4 things brands can learn from the IPA’s brand action and cost of living poll
UK ad industry body the IPA and pollsters Opinium have released results from research into the cost of living crisis and its effect on brands and consumers. Maddy Sim and Chris Davies of Dentsu’s Carat UK digs into the findings.
What can brands learn from recent research about behaviors and attitudes during the cost of living crisis? / Denny Müller via Unsplash
Unlike many established institutions, and indeed most of the country, the IPA has had a good year. Alongside Opinium it has done a sterling job, regularly surveying the population so that those of us in marketing can understand changing attitudes and behaviors as we move through (and one day, hopefully, past) the cost of living crisis.
There’s nothing our Carat strategy outfit likes more than regularly-updated, robust and quantitative datasets on shifting behaviors, used to complement our own studies and trackers in our quest to understand people better.
But it’s what you do with this information that counts, so here are our top takeaways from the IPA’s latest study on attitudes toward the cost of living crisis and what people want from brands.
1. Use empathy to exceed expectations
Generally, people would like (and expect) brands to do more to help them, in terms of price and beyond. There’s no huge discrepancy in what females or males want from brands, and nor is ‘social grade’ a large factor.
The same cannot be said for age. The 35+ age categories have a much greater focus on price, while 18-34s have a more varied list of demands, showing more interest in the role that brands can play in supporting local community efforts, educating customers and entertaining the nation.
‘Fair prices’ is the number one desire of consumers, regardless of demographic. However, there’s nuance and appetite for other responses from brands. Significantly, there’s a gap between what people would like from brands and what they expect brands to actually do. A better understanding of how the cost of living crisis (and wider uncertainty) is making people feel can help brands demonstrate empathy that bridges the gap between what people want from them and what they expect they’ll get.
Brands should investigate what their customers want and expect from them. This IPA data gives us a good steer as to what large swathes of the population want, but there’s no substitute for talking to people who know and buy your brand.
We’ve got that particular ball rolling by using Dentsu’s proprietary Consumer Survey (CCS) to segment the UK population into five core groups to understand what different types of people might want and need.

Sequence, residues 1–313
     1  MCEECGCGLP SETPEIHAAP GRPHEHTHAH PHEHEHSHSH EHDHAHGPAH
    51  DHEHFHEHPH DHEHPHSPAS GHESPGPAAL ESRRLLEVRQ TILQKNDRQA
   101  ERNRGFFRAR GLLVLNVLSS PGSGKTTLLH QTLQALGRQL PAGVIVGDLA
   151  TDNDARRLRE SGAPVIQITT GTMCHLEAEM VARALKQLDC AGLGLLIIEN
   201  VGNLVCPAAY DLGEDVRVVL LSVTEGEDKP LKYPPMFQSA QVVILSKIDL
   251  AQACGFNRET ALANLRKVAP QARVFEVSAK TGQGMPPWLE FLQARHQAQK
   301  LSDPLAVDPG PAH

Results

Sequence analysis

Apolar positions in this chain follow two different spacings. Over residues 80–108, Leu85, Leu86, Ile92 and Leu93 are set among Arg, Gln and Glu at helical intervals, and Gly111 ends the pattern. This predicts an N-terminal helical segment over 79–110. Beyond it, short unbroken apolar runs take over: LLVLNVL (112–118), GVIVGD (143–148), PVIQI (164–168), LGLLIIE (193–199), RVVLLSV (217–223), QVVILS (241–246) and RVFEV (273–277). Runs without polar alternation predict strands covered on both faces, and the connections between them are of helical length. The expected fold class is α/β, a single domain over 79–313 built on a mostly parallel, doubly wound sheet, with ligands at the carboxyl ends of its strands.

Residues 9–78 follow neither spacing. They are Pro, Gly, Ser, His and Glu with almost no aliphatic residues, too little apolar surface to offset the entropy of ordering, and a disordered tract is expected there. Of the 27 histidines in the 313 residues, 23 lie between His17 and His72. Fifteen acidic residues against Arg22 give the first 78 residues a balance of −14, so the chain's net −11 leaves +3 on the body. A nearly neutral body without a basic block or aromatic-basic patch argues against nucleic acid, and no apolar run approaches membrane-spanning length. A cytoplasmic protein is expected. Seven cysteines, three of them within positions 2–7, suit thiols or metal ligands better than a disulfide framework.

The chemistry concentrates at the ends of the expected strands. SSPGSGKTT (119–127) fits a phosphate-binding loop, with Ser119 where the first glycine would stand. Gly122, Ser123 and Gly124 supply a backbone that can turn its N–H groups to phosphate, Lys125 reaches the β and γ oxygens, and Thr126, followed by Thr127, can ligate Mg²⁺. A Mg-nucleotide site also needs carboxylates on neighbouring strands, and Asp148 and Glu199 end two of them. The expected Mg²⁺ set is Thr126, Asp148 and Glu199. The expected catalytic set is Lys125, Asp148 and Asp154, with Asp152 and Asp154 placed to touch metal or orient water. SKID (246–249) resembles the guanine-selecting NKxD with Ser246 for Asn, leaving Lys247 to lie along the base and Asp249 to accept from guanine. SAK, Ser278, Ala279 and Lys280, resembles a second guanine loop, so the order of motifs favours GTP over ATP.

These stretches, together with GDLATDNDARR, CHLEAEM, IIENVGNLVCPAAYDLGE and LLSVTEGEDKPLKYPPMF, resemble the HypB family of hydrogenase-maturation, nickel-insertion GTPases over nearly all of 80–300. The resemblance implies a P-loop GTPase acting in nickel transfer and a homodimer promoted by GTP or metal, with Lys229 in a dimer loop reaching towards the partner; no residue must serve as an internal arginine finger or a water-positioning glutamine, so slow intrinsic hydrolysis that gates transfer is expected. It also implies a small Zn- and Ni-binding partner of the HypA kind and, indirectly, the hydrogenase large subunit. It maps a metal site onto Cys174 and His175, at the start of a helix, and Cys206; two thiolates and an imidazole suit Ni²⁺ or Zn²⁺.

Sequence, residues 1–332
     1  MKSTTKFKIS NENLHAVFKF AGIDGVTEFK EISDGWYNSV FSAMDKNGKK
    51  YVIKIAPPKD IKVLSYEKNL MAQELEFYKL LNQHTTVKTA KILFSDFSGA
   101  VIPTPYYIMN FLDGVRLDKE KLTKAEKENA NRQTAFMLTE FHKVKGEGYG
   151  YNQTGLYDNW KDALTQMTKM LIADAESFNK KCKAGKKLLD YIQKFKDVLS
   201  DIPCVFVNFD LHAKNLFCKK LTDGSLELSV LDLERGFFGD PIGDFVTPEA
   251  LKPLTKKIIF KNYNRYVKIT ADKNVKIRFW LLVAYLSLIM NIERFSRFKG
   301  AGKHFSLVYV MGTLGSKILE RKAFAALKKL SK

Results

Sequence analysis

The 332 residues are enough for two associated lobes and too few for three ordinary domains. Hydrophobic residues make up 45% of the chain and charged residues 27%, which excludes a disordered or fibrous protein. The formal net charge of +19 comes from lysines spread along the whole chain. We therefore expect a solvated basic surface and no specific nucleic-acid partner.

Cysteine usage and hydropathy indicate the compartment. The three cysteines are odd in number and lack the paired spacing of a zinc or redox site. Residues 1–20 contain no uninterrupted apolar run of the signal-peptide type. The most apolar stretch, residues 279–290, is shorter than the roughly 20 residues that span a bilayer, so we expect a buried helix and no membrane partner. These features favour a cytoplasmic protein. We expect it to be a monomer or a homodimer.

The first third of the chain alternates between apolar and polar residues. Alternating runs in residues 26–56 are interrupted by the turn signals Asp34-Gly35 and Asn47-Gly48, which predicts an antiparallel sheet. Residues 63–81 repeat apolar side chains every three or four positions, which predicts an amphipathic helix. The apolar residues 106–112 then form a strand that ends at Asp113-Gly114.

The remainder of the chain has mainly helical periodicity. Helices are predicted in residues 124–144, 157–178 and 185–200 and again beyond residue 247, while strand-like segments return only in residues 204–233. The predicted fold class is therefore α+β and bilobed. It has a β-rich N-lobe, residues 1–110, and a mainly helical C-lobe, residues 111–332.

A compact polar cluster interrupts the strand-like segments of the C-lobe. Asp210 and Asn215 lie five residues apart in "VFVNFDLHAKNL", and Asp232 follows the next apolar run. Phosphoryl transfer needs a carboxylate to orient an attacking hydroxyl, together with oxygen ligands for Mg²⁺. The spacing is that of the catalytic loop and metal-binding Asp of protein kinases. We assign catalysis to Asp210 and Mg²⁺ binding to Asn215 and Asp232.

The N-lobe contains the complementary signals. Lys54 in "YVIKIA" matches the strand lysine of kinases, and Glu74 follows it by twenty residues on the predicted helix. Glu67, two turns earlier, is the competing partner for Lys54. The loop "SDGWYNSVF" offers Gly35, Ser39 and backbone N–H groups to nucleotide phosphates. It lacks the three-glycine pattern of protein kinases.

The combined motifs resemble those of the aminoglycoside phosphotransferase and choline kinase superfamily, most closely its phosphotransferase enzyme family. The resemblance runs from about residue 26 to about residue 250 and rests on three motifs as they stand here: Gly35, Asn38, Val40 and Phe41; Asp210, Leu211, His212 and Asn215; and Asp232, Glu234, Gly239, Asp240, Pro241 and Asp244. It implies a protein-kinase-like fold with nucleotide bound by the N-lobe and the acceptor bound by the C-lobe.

2. The ‘messy middle’: where smart brands will clean up in 2023
Since the end of the summer, we’ve begun to observe drop-offs in purchase intent across categories, both discretionary and non-discretionary. In a context where some categories may shrink, but attitudes and patterns across most categories are shifting, the factors influencing choice among people in-market could become life and death for some brands.
The IPA data sheds some light on what those factors might be. Expectations are high; potential customers are weighing up brands’ responses based on multiple levers, such as price, promotions, value, quality, rewards, support, tools, service and education.
‘Journey-mapping,’ ‘path-to-purchase’: whatever you call it, this (forensically understanding the shifting behaviors and attitudes of distinct audiences) is going to be the single most important thing for marketers to understand in 2023.
If, as early signs tell us, people are holding off and spending less, this is where key incremental gains will be won from competitors.
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3. Use marketing budgets to prove you’re worth it
When asked to choose between ‘fair’ and ‘frozen’ prices, ‘fair’ comes out on top; 60% select it as one of their five top requests of brands, against 44% asking for price freezes. There is a recognition of the tough spot that many brands are in. People know that the very challenges they themselves face are wreaking havoc in supply chains and staffing costs.
Reposition your thinking about what people want. It’s not simply a matter of ‘cheap.’ It’s about ‘value’: proving that you’re worth the sticker price.
That might be about brand-building. People are more likely to trust that strong brands are ‘worth’ the cost; they rely on those heuristics more during economic hardships when every dollar or pound matters.
Or it might be about delivering additional value through marketing, using campaigns to show that your brand understands what customers want or need, whether that’s loyalty schemes, help for communities hit hardest by the crisis or even light relief.
4. Entertainment must be entertained
True, ‘entertainment’ ranks low in what people are looking to brands to provide. The survey asked what people want from brands during a cost of living crisis; it’s unsurprising that ‘having a laugh’ didn’t top the list. Sure, few people seek entertainment from brands; that’s not to say that entertainment won’t work. As Kantar has found, 75% of people wanted humorous advertising during the pandemic. In times of anxiety, many want levity, comfort, distraction or even a simple belly laugh.
That same Kantar analysis concluded that we were twice as likely to see a funny ad 20 years ago as we are today.
Empathetic entertainment and humor can still work, and it’s in short supply. Emphasis on the ‘empathetic’: strike the wrong tone and it’ll be evident that brands don’t understand people’s plights. Truly take the time to understand and consult with people.
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